"Greed is the name of the game; a desire for wealth and fortune, it became. In pursuit of riches, they lost their way, forgetting compassion, causing dismay." That is but a short poem that captures the essence of what the unrighteous Gemstones have become.
Welcome to another review of The Righteous Gemstones Season 3, where I'll try my best to make sense of what went down in Episode 6: "For Out of the Heart Comes Evil Thoughts".
Season 3 of The Righteous Gemstones has been an incredible exploration of Judy Gemstone's character. From the onset, I felt that BJ was too good for her, and now it seems he's coming to the same realization. With the 'no-sex affair' (seriously, Danny McBride is a kickass writer!) now a matter of public knowledge, Judy has to eat humble pie and make amends to the people she has hurt, including the church, which now has to fork out $500K as hush money to Stephen's wife.
Chuck and Karl, having cleaned up their act, part ways with the Gemstones to pursue their own paths. The departure hits the Gemstones hard, especially Jesse, who takes pride in their transformation. As a gesture of goodwill ("a far too giant a gesture"), Jesse gifts them his monster truck, which he instantly regrets as soon as he hands them the keys.
Little do they know that Chuck and Karl deceived everyone by using their newfound trust to smuggle ammonium nitrate (if you want to make a bomb, this is the stuff you need) to Peter's militia camp.
After a lifetime of hard work, Eli, a widowed man in his seventies, finds himself semi-retired and at a loss for how to spend his time. He gives fishing a shot, and though it does nothing for him as a hobby, it does offer him moments of peace away from his troublesome children.
In Episode 4, Uncle Baby Billy devised a brilliant plan to create a hologram of his late sister, which Jesse now views as a way to revive his dwindling congregation. Excitedly, he presents the hologram to his family and friends, only to be met with shock and anger from his father and siblings, especially his father, who destroys the machine that was, unfortunate for Uncle Baby Billy, a loaner.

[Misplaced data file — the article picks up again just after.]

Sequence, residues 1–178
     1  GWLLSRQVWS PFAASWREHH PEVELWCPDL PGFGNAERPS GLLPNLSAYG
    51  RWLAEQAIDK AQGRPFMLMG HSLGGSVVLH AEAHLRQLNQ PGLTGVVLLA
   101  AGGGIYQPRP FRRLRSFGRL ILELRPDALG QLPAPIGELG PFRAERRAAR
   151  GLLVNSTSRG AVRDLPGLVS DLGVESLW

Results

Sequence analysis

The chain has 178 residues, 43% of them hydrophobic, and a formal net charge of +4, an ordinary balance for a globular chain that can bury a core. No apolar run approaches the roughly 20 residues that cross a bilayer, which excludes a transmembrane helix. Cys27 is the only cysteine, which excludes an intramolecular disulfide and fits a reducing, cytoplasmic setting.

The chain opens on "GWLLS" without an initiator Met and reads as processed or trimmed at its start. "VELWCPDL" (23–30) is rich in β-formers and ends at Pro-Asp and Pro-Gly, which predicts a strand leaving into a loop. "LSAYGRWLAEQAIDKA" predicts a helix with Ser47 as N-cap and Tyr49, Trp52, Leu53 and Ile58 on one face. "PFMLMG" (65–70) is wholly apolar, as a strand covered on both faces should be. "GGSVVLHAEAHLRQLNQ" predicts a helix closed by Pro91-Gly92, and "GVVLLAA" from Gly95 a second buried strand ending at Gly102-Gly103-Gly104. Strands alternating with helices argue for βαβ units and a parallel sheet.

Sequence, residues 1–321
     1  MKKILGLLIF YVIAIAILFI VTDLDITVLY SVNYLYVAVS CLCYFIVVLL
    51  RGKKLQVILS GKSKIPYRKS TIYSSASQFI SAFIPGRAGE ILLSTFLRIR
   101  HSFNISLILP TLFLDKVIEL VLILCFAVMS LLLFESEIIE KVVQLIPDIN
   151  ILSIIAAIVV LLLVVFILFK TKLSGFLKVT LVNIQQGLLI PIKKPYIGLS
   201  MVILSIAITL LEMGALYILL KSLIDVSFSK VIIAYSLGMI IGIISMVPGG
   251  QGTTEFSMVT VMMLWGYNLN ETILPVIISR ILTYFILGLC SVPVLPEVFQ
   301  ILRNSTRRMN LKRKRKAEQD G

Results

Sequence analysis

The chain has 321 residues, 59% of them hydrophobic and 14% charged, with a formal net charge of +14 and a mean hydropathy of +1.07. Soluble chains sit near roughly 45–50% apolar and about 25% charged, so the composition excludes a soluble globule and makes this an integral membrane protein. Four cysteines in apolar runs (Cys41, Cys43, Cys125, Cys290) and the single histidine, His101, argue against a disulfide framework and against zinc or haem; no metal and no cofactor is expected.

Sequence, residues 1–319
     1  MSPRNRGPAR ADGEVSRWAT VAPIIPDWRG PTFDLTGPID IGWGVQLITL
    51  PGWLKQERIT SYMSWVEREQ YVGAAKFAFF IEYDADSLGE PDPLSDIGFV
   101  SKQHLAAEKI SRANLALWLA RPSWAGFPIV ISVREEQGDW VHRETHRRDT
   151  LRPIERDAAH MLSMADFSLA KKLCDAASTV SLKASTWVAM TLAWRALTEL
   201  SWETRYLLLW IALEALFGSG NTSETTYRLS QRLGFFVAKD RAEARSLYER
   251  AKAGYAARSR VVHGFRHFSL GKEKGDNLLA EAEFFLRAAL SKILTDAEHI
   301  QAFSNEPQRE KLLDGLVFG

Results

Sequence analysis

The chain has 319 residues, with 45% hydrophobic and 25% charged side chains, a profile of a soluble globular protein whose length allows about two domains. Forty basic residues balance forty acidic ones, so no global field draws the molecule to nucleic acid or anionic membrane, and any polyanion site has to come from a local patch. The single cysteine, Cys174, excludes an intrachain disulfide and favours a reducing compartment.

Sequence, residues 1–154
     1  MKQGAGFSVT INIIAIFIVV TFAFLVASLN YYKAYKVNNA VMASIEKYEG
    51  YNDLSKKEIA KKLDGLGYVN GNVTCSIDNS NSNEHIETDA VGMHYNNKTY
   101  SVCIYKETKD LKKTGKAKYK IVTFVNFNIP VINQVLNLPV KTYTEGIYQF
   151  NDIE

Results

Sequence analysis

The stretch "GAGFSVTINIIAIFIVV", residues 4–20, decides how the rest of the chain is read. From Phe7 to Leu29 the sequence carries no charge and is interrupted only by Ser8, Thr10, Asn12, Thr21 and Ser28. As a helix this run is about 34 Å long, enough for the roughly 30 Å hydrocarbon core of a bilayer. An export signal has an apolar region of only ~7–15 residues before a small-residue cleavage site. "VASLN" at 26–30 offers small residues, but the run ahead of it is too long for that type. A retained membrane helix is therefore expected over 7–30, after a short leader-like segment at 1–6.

We saw BJ and Stephen's confrontation building up from the episode's beginning, but that ending took me by complete surprise. When BJ pays a visit to Stephen's house and finds him pleasuring himself, he takes a page from Jesse's book, punching Stephen out cold and spitting on him. However, the tables quickly turn as BJ finds himself on the receiving end of a brutal beating. Just when it seems like he's lost the fight, an opportunity presents itself, and BJ takes advantage, turning the tables once again.
Jesse's character is such a rollercoaster. Every time I want to root for him, he goes and does something utterly repulsive that makes me question why I ever liked him in the first place. Hearing him say, "I'm trying to figure out how to exploit my dead mama so people will like us again," left a bad taste in my mouth.
I can understand Baby Billy wanting to make a quick buck out of his late sister, as he's always looked out for number one, but to see Jesse sink to the same level of moral bankruptcy was beyond disappointing.
All the same, from a filmmaking perspective, Danny McBride really outdid himself here, alongside Stephen Schneider, who took the phrase 'swinging dick' to a whole new level. Reminiscent of the iconic bathroom fight in David Cronenberg's Eastern Promises that sees a naked Viggo Mortensen fight for his life against two Chechen mobsters, Stephen leaps into action to thwart the threat that is BJ without so much as a sock on.
Full-frontal nudity on television has long been taboo, but witnessing the show's writers push that boundary in a seamless manner that aligns with the story being told is a testament to their remarkable talent.
As the end draws near, the stakes keep getting bigger and bigger. Unless the Gemstones can find a way to set aside their penchant for drama and work together, there won't be a Gemstone family or even a church to speak of at the end of this season.